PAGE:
Mr Sedaris' offering is one man's take on the absurdities that abound within life. Written with savage honesty and razor sharp wit, it will make you both laugh and cry as well as shake your head in wonder, and disbelief, at HOW on EARTH family love endures in a family such as Mr Sedaris was born into. One might kindly label them all as eccentrics, but one also senses within them all, especially the narrator, Mr Sedaris, a lot of pain. Fortunately for all of us they are also a gold mine of material for a writer of talent and just the right turn of mind.

There is a father who plays endless bait and switch, a mother who locks all five of the children, out of the house in the dead of winter during school vacation (yes yes I know. We wanted to-- but she DID it!) and refuses to open the door even as night falls, and a sister who makes her living scrounging garbage in Boston who, to her brother's total horror, cooked and ate "a perfectly lovely frozen turkey" that she found one day on the curb. Then there is the brother, who once sent the author, who is gay, off to France with a sticker on his back which read. "Hello! I am gay!"

Like Mr Jacobs, and another one of my favorite authors, Bill Bryson, Mr Sedaris possesses attributes which I treasure in both friends and writers--a world class curiosity, and a sense of humor along with a weakness for eccentric people and facts. Take the stranger Mr Sedaris walks to the train station with one day in the Netherlands--the end result of which is the author confiding with us that that wise parents in Holland would do well each Christmas Eve, counsel their young ones with: "Listen, you might want to pack a few of your things before going to bed. The former bishop of Turkey will be coming tonight with 6-8 black men. They might put some candy in your shoes, or they might stuff you in a sack and take you to Spain. They might pretend to kick you or hit you with a tree branch. We dont know, but we want you to be prepared."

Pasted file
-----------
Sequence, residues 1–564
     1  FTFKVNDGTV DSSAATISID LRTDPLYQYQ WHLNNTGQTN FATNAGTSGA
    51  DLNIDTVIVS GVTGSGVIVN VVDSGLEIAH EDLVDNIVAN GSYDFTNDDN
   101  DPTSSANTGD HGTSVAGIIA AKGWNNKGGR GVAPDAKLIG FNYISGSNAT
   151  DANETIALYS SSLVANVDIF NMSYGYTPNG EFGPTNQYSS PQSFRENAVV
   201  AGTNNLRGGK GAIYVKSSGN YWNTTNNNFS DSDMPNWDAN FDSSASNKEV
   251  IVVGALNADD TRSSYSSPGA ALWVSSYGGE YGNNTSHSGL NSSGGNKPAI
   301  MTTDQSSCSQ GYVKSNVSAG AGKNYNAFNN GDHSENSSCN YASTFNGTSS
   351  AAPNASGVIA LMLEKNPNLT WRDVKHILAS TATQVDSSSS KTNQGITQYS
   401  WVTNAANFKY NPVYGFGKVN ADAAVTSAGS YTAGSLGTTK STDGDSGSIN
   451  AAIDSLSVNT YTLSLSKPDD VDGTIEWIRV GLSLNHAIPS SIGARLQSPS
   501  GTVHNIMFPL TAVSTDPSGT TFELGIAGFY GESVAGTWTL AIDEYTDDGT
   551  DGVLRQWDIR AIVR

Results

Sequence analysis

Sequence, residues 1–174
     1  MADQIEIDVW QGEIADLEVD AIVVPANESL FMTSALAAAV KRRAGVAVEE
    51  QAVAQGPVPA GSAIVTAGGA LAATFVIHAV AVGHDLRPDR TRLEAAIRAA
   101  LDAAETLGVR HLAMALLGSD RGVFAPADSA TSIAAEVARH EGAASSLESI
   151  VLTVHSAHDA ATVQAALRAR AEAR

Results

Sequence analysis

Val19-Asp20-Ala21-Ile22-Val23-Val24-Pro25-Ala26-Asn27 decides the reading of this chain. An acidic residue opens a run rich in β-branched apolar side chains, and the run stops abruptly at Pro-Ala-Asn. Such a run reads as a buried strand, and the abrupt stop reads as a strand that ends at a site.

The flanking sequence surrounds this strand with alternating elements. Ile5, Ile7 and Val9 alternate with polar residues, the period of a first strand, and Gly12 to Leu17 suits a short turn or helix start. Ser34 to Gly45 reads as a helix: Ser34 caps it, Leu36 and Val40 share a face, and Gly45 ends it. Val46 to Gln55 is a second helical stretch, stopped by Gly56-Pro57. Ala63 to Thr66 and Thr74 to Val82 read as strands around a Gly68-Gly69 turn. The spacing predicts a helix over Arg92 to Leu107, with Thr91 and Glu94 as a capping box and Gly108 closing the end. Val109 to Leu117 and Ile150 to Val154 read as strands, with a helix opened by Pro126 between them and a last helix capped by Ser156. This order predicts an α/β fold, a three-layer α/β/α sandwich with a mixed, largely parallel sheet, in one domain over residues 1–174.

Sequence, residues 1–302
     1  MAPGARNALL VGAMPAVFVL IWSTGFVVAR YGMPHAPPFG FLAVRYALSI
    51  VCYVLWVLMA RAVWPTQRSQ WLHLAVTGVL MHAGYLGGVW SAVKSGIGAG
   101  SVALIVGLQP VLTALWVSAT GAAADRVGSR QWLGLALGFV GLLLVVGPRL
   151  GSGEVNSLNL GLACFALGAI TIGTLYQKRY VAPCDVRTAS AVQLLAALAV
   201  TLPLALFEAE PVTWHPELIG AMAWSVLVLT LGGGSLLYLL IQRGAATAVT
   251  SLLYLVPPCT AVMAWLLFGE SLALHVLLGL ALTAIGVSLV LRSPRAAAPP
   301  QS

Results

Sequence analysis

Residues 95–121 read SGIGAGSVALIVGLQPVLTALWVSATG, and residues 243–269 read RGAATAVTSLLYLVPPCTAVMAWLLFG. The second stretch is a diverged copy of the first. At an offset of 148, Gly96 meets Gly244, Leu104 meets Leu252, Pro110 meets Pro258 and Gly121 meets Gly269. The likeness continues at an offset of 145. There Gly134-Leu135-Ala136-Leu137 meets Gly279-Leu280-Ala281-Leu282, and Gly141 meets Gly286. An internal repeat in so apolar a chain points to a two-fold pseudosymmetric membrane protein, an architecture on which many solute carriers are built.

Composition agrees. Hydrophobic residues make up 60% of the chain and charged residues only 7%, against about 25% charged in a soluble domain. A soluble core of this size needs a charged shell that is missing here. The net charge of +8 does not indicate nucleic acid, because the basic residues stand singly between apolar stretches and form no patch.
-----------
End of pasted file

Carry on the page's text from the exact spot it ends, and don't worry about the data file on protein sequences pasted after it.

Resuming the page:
What's THIS all about? Read and find out--and don't forget to allow laughing time. Did I enjoy this book? Absolutely! Would I want to be part of the Sedaris clan? I think not. What I do want to do, and as soon as possible at that, is to get back to the library and check out every single book Mr Sedaris has ever written.

I am sure I am not the only one who enjoyed reading the works of Shel Silverstein to my children when they were young. Now there is a special 25th Anniversary edition of his work called Different Dances, which is decidedly for adults only. As usual both the pictures and words are startling and irreverent--and yes, blue. Very VERY blue at times. The contents drop onto the page as if from a very strange unknown world that only Mr Silverstein can see--which of course is exactly what is going on. Keep it on the top shelf if need be, but fans of this unique artist and writer, will not regret adding this to their collection.

Also recommended for the fact enthralled are:
Collapse: How Societies Choose to Fail or Succeed by Jared Diamond. A very timely look at the reasons behind the collapse of past societies.

Blink : The Power of Thinking Without Thinking by Malcolm Gladwell, who is also the author of the excellent The Tipping Point . This latest offering deals with Intuition, and how it influences our lives.

And next time, I promise you, a novel or two!